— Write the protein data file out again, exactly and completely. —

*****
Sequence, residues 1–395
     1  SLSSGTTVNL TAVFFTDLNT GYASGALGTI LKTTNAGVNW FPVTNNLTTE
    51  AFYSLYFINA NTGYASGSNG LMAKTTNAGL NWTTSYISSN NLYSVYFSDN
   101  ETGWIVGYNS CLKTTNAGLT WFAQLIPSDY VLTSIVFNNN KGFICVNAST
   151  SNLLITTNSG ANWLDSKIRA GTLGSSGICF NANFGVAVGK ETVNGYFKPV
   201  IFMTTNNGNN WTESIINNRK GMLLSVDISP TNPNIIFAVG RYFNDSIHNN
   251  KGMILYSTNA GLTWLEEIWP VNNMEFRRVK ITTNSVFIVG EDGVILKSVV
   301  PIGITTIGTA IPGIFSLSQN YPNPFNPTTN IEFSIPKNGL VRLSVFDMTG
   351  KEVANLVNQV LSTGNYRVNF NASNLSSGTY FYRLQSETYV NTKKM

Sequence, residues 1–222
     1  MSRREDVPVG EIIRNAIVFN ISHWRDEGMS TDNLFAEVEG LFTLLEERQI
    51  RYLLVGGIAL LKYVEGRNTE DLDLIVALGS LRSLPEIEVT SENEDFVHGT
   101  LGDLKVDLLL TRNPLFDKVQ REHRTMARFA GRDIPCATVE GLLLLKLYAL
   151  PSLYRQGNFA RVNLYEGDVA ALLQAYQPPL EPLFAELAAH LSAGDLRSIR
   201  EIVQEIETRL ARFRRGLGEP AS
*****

Sequence, residues 1–395
     1  SLSSGTTVNL TAVFFTDLNT GYASGALGTI LKTTNAGVNW FPVTNNLTTE
    51  AFYSLYFINA NTGYASGSNG LMAKTTNAGL NWTTSYISSN NLYSVYFSDN
   101  ETGWIVGYNS CLKTTNAGLT WFAQLIPSDY VLTSIVFNNN KGFICVNAST
   151  SNLLITTNSG ANWLDSKIRA GTLGSSGICF NANFGVAVGK ETVNGYFKPV
   201  IFMTTNNGNN WTESIINNRK GMLLSVDISP TNPNIIFAVG RYFNDSIHNN
   251  KGMILYSTNA GLTWLEEIWP VNNMEFRRVK ITTNSVFIVG EDGVILKSVV
   301  PIGITTIGTA IPGIFSLSQN YPNPFNPTTN IEFSIPKNGL VRLSVFDMTG
   351  KEVANLVNQV LSTGNYRVNF NASNLSSGTY FYRLQSETYV NTKKM

Sequence, residues 1–222
     1  MSRREDVPVG EIIRNAIVFN ISHWRDEGMS TDNLFAEVEG LFTLLEERQI
    51  RYLLVGGIAL LKYVEGRNTE DLDLIVALGS LRSLPEIEVT SENEDFVHGT
   101  LGDLKVDLLL TRNPLFDKVQ REHRTMARFA GRDIPCATVE GLLLLKLYAL
   151  PSLYRQGNFA RVNLYEGDVA ALLQAYQPPL EPLFAELAAH LSAGDLRSIR
   201  EIVQEIETRL ARFRRGLGEP AS